His work has received generous support from a variety of organizations, including the Chiang Ching-kuo Foundation, The Weatherhead Foundation, the China Times Cultural Foundation, and the National Endowment of the Arts.

Douban Website: 白睿文 在豆瓣的小站

Weibo Website: 白睿文 在微博

 Twitter: @Bairuiwen

Clubhouse: @Bairuiwen


Selected Media Appearances:

Ideas Roadshow: China, Culturally Speaking

On Point with Tom Ashbrook: China Rising in Movies and Entertainment  

Future Tense with Antony Funnell: Soft Power with Chinese characteristics

Wall Street Journal: American Shows are Hot in China

Wall Street Journal: House of Cards Breaks Barriers in China

CinemaTalk: A Conversation with Michael Berry

CRI English Radio: The Chinese Film Industry

The Last Aristocrats: Michael Berry in Dialogue with Kenneth Pai

Michael Berry Discusses Fascination with China’s Last Dynasty (CGTN)

Death and Survival: The Existential Dimension (HKBU COVID-19 and Beyond, Culturally Speaking)

Translation and the Virus (Duke University Lecture)

The controversy over Fang Fang’s ‘Wuhan Diary’: A conversation with the translator, Michael Berry (SupChina Podcast)

Michael Berry, NEA Translator and Author (NEA Art Works Podcast) 

New Waves: Red Sorghum (UCSB)




Book Length Translations:


Edited Books:


Selected Articles, Reviews & Entries

  •  “1939, October 15 Nanjing: Ah Long’s Lost Fictional Account of the 1937 Nanjing Massacre” and “April 1985: Of Roots and Earth” in Harvard New Literary History of Modern China, (Chinese edition). Rye Field, 2021.
  • “Post-Martial Law Fiction in Taiwan” Online video lecture commissioned for Modern Chinese Literature and Culture’s Video Lecture Series. https://u.osu.edu/mclc/log-in/
  • Legend of the Mountain (1979): Rediscovering King Hu’s Land of Wayward Ghosts” in Yeh, David, Lin, eds. 33 Takes on Taiwan Cinema. University of Michigan Press, 2021.
  • I Translated ‘Wuhan Diary’ to amplify the author’s voice of courage” Washington Post op-ed feature, 2020.
  • “Romancing Atrocity: Ye Zhaoyan’s Nanjing 1937: A Love Story” in Chinese Literature Today. July, 2020.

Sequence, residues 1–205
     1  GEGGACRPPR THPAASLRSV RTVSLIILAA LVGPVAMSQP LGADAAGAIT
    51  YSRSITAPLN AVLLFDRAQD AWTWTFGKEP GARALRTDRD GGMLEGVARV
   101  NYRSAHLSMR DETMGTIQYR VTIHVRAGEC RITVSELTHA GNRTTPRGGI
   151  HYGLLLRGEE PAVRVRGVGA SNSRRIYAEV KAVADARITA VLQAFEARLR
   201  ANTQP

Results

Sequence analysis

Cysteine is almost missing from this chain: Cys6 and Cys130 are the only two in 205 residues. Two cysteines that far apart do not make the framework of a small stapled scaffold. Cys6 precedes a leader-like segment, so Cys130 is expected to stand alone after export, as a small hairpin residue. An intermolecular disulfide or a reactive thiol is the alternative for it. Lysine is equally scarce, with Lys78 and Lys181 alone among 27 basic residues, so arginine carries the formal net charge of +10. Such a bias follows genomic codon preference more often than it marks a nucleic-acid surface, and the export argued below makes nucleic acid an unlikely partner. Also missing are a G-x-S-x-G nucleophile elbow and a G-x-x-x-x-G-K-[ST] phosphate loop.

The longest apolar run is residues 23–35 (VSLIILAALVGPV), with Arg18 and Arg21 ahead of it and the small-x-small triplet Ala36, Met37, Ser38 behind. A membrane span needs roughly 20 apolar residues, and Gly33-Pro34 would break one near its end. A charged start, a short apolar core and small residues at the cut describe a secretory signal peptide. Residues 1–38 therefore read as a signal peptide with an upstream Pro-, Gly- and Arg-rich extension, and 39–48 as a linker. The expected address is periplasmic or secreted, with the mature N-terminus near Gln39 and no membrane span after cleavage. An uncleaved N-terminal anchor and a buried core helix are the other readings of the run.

• “Liminal Cinema: PRC Film Genres of the New Era” in The Chinese Cinema Book. Bloomsbury, 2020.





Article Length Translations:

  • “Why I Write” by Wang Anyi, “Autobiography” and “Author’s Foreword” by Yu Hua, translated by Michael Berry in Chinese Writers on Writingedited by Arthur Sze, Trinity Press, 2010.
  • “Selected poems of Li Yingqiang” translated by Michael Berry in Literary Review Special Issue on Hong Kong Literature (edited by Shen Shuang).
  • Remains of Life (excerpt)by Wu He translated by Michael Berry in Taiwan Literature University of California, Santa Barbara Summer 2003.
  • “The Literary World of Mo Yan” by David Der-wei Wang translated by Michael Berry in World Literature Today Summer 2000.
  • “Postmodernism and Chinese Novels of the Nineties” by Zhang Yiwu, translated by Michael Berry in Postmodernism & Chinaedited by Arif Dirlik and Xudong Zhang (Duke University Press 2000). (book version).
  • “Postmodernism and Chinese Novels of the Nineties” by Zhang Yiwu, translated by Michael Berry in Boundary 2volume 24 number 3 fall 1997 (Duke University Press). (journal version).



  • Book Review of “Structure, Audience and Soft Power in East Asian Pop Culture.” Pacific Affairs, 
  • Book Review, The Chinese Cinema Book inHistorical Journal of Film, Radio and Television  Issue 1, 2012
  • Book Review, “The Hypothetical Mandarin” in Journal of Asian Studies, 2010
  • Book Review, “Postsocialist Modernity” in Cinema Journal, 2009
  • Film Review “Storm Under the Sun” in The Moving Image, 2009
  • Book Review, Memoirs from the Beijing Film AcademyBy Ni Zhen in Modern Chinese Literature and Culture, 
  • Book Review, Rose, Rose I Love Youby Wang Chen-ho in China Review International 9 (University of Hawaii Press 2003).
  • Book Review, Red Poppies in Persimmon: Asian Literature, Arts & Culture Volume III, Number 2 Spring 2002.
  • Film Reviews “Orphan of Anyang,” “Feeling By Night,” ““Asian American International Film Festival,” etc. 2001-2002 on Offoffoff Film.
  • Book Review, Panic and Deafby Liang Xiaosheng in Persimmon Asian Literature, Arts & Culture Volume II, Number 3 Winter 2002.
  • Book Review, A Woman Soldier’s Own Story: The Autobiography of Xie Bingying in Persimmon Asian Literature, Arts & Culture Volume III, Number 1 Spring 2002.


*Entries marked by an asterisk are Chinese-language publications.